Dines compensation requires that the upper tropospheric high maintain significant horizontal wind divergence a few kilometers below the tropopause i.e. the 200 to 300hpa levels. This divergence removes air horizontally in the upper troposphere. It is because of this wind divergence that the vertical integrity of the tropical system can be maintained. Without the upper tropospheric divergence the system would fill up because of the lower level convergence and latent heat release. This process is known as the Carnot Engine and the following schematic provides an explanation for the process.

(1) isothermal inflow of near-surface air (A-B)
(2) moist adiabatic ascent in the eye of the Carnot cycle - all convection and outflow just below the tropopause (B-C)
(3) sinking of cooled air in the environment far from the tropical cyclone center (C-D). To close the system
(4) the cooled air is assumed to return to the tropical cyclone environment adiabatically (D-A)

4. Average total static energy (TSE).

In an atmosphere where higher than normal upper tropospheric temperatures occur, as is the case of an air mass with tropical characteristics, the contribution of the enthalpy will increase the TSE values. Higher geopotentials, generally found in the upper troposphere in tropical weather systems will also increase the TSE values. The high moisture content found in the lower troposphere in tropical weather systems increases the TSE values through the latent heat term. In MITS the average TSE is computed for the 850 to 300hPa layer.Experimental results indicated that TSE values greater than 330 x 103 J*kg-1 is indicative of tropical circulation over Southern Africa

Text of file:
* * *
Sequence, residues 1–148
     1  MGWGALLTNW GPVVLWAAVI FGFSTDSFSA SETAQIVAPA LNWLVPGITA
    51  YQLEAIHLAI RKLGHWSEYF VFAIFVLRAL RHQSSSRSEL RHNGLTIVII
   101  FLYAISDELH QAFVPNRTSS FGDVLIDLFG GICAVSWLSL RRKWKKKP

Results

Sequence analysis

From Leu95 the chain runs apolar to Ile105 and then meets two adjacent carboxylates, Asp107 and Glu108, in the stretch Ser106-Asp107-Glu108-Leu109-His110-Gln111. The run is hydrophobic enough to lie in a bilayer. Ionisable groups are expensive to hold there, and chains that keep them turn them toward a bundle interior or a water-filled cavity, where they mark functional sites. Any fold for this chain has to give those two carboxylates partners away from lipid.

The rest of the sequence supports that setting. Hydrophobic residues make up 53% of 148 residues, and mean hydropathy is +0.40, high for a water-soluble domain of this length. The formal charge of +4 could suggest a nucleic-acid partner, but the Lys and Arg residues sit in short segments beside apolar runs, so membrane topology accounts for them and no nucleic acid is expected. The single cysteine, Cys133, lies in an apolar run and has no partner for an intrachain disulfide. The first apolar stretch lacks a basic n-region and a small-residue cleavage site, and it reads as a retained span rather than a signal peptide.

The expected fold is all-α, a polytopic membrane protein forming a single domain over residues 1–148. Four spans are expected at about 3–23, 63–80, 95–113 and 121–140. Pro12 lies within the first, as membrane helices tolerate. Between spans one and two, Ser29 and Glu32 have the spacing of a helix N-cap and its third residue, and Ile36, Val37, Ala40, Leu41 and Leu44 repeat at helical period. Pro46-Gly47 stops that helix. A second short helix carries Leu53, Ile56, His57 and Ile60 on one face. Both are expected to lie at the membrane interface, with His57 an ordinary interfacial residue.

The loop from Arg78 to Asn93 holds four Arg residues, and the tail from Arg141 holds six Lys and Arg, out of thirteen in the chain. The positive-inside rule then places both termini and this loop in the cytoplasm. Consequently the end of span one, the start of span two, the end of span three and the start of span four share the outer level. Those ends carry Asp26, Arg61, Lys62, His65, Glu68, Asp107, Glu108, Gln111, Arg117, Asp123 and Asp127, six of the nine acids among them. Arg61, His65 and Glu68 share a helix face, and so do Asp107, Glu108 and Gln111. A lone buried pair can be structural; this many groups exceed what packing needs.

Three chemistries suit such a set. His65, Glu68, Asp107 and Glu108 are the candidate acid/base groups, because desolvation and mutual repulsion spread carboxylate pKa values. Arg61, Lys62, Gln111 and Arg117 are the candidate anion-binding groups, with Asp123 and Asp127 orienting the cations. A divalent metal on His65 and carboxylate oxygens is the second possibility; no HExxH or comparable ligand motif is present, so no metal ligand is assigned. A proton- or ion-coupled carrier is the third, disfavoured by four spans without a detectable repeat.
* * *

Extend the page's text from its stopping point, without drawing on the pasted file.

5. Deep cumulus convection and vertical motion.

The interior of South Africa is approximately 1 500 m above sea level and this means that the 700hPa level is approximately 1 500 m above the land surface and can still be considered representative of the lower troposphere. The 700hPa level is also close to the summer convective cloud base level. An important function of MITS is to isolate areas where upward motion exists from 700hPa to 400hPa.

The vertical profile of TSE values is used to determine the potential instability of the atmosphere. A potentially unstable atmosphere is required for deep cumulus convection. To determine the level of potential instability (LPI) the following formula is used:


where i varies between 700hPa and 400hPa. For the atmosphere to be considered conditionally unstable up to 400hPa (a requirement of MITS) the LPI must remain positive for i = 700hPa to 400hPa.

Heavy rainfall from continental tropical weather systems is possible when:

  • The precipitable water values in the troposphere should exceed 20 kg * m-2.
  • Wind divergence must be present in the upper troposphere.
  • Average TSE values in the troposphere should exceed 335 * 103 J * kg-1 .
  • The atmosphere must also be conditionally unstable up to at least 300hPa.
  • Upward motion must exist from 700hPa to 300hPa.
  • Maximum upward vertical motion should occur below the 300hPa level.

Easterly lows

The African Easterly Wave, associated with the West African Monsoon has been studied extensively, and much less research results are available for the easterly waves and lows which develop over southern Africa in austral summer. Some notable exceptions are also the waves as inverted V troughs. He identified the following characteristics of these tropical waves.

  • They are cool but very humid below 700 hPa
  • Above 500 hPa the waves are warm cored
  • The high humidity in the lower troposphere originates from the ITCZ

Furthermore, the Angola Low is a semi-permanent feature over southern Africa in summer. He explains that a confluence zone exists east of this low stretching towards the ITCZ. South of this band easterly waves develop.

Characteristics of the African Easterly Wave: